development was the easy part (in spite of its high 
cost), what was killing us and bringing accounts to 
their knees (and experiencing increasing backlogs 
of changes) was the maintenance of what we had 
developed.  OO was supposed to address this.  It 
has failed as badly as its predecessors.

So how do you improve maintenance?  How do you 
develop a language and its tool(s) that allows new 
development to continue without interruption and 
essentially supply the ability to incorporate 
changes as fast (or faster) than they occur?  If 
the Tunes HLL can't do that, then you might as well 
put it on the junk heap with all the other (useful) 
failures.  If Slate cannot do that, then why are we 
considering it?

It is the user who has the problem.  It is the user 
who pays for the solution.  It is the user who 
expects us to do what he must do in his arena, 
providing him with a means that keeps his 
competitive ability intact, one that tracks 
"immediately" to changes in his environment.

Let's not argue over what we agree on.  While I 
haven't studied all the possible programming 
languages to date (nor has anyone else), my not 
knowing one does not invalidate what I have gleaned 
from others.  Elsewhere in another response I 
reiterated the "generational" development of first 
(machine) to second (symbolic assembler + macro) to 
third (procedural and Charles Moore to the contrary 
this includes Forth<g>) and now to the fourth 
(specification).  Each new generation encompasses 
all the abilities (or capabilities) present in the 

So unless I missed something in the material I have 
not read (go figure) the Tunes HLL either 
establishes a new (fifth) generation or else starts 
at the fourth.  Any other decision by definition 
would be regressive, i.e. less than the best so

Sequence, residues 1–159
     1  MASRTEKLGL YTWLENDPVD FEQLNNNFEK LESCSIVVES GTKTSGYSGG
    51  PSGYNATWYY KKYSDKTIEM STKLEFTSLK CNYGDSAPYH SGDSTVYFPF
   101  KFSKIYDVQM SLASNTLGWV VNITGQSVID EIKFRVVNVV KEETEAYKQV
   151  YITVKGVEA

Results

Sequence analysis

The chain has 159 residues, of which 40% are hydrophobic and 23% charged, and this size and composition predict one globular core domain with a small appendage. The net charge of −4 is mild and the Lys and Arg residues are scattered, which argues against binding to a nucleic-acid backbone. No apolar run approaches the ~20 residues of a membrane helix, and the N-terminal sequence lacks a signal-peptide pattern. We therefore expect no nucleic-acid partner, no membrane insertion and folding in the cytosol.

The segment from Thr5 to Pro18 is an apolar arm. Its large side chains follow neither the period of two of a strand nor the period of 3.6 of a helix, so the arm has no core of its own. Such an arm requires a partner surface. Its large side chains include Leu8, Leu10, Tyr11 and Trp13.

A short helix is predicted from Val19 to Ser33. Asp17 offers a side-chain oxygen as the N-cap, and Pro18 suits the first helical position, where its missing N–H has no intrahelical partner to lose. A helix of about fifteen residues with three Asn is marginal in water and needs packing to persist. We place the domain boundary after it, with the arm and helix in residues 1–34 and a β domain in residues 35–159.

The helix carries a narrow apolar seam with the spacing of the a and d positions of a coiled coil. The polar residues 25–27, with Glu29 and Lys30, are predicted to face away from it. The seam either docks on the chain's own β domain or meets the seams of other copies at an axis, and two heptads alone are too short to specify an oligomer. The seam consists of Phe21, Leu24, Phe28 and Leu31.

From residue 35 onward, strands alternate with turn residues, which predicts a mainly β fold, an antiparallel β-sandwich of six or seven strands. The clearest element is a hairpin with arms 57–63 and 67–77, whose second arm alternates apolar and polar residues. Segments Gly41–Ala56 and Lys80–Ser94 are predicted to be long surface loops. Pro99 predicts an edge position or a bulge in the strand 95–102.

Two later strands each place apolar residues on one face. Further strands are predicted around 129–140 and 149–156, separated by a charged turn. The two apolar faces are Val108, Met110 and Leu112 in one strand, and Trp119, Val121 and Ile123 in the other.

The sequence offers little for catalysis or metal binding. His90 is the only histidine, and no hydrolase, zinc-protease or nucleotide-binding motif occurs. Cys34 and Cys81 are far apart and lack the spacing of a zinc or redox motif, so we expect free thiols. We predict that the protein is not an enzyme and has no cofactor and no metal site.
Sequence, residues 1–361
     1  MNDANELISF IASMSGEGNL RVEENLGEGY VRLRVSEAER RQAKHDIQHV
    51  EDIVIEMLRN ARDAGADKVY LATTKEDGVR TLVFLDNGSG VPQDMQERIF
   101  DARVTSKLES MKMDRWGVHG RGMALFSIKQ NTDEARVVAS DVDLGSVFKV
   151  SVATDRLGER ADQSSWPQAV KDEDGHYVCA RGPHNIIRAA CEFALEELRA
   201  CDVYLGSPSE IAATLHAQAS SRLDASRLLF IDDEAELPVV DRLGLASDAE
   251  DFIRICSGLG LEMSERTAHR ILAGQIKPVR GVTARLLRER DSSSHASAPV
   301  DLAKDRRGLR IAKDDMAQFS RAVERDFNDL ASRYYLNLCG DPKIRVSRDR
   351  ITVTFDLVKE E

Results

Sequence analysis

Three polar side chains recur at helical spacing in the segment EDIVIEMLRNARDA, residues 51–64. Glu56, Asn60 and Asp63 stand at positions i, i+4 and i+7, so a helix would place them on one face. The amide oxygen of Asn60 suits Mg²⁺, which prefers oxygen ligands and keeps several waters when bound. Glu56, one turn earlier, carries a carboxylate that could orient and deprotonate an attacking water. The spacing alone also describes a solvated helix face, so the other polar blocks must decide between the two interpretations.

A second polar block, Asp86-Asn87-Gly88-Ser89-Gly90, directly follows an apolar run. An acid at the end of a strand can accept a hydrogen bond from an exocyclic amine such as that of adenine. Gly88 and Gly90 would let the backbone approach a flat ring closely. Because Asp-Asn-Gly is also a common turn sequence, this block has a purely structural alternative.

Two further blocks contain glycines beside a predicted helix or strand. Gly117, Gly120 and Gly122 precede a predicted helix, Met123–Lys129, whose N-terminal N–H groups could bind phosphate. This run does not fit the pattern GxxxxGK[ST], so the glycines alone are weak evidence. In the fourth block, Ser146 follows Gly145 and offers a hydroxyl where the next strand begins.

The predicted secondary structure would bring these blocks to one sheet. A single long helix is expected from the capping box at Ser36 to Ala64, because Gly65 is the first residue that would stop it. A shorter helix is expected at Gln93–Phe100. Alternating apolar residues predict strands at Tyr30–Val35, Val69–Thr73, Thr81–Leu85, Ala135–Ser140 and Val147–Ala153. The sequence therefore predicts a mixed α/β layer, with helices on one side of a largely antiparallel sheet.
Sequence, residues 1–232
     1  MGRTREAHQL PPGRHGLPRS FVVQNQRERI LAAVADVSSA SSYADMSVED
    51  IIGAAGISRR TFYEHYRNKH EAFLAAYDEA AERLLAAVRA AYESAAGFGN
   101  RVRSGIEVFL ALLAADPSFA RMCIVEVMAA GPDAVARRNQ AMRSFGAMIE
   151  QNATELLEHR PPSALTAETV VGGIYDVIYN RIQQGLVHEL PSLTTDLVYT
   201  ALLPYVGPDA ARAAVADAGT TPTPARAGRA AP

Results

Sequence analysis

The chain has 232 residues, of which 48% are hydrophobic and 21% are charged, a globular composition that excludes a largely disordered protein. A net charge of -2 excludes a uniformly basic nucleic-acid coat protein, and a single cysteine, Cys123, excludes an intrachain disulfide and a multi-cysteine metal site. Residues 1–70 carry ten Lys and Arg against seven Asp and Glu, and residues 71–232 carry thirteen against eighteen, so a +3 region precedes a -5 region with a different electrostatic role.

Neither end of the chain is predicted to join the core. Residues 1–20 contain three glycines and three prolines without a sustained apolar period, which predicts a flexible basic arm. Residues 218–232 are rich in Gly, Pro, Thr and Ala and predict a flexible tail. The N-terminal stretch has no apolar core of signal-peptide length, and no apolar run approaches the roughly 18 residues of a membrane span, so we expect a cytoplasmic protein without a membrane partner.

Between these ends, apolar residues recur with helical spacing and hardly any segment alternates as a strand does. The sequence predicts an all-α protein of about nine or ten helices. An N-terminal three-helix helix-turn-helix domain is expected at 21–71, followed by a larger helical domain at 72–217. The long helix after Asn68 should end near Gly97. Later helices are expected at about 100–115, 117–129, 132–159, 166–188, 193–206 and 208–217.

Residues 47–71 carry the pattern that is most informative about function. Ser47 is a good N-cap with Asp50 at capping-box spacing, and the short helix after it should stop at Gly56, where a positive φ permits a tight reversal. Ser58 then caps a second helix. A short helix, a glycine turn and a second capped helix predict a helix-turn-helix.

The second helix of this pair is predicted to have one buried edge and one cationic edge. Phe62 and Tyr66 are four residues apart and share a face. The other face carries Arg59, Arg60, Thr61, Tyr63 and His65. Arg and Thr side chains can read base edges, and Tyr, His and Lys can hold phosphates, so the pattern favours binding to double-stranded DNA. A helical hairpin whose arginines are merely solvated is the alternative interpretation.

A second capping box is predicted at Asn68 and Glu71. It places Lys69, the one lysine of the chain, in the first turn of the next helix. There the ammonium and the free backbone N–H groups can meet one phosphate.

Each new generation has reduced the user's writing 
task in some way.  However the first three limited 
themselves to the construction stage in the 
five-stage software development process: 
specification, analysis, design, construction, and 
testing.  The fourth, specification language, 
shifted the focus from construction to the entire 
process, all five stages.  The only writing which 
occurs is during the specification stage.  The 
results of all the rest you get for "free" in terms 
of human involvement.  Except for the writing of 
specifications the remainder is automated.

Now I have not submitted either of the problems you 
mention to my Prolog compiler nor do I have any 
intention of doing so.  Do I think my Trilogy would 
scale up to a 100 variables in a single equation?  
It might, but it is designed for DOS.  This means 
it will get started and abort before finishing due 
to real memory limits.  I have managed to blow the 
32MB stack on my OS/2 system with the classic 
recursion equation of only 3 or 4 variables.<g>

In short it is possible to express a problem set 
(requirements), a solution set (specifications), 
and still not get a result.  It is also possible to 
do them successfully.  Our task on the one hand is 
to make our implementations such that the class of 
"failures" continues to diminished.  On the other 
hand the task of the Tunes HLL is to do the same 
for the user.

It may not be perfect, but at least I am "smart" 
enough to know that I am closer with a fourth 
generation language than with a third, regardless 
of its bells, whistles, or esoteric features.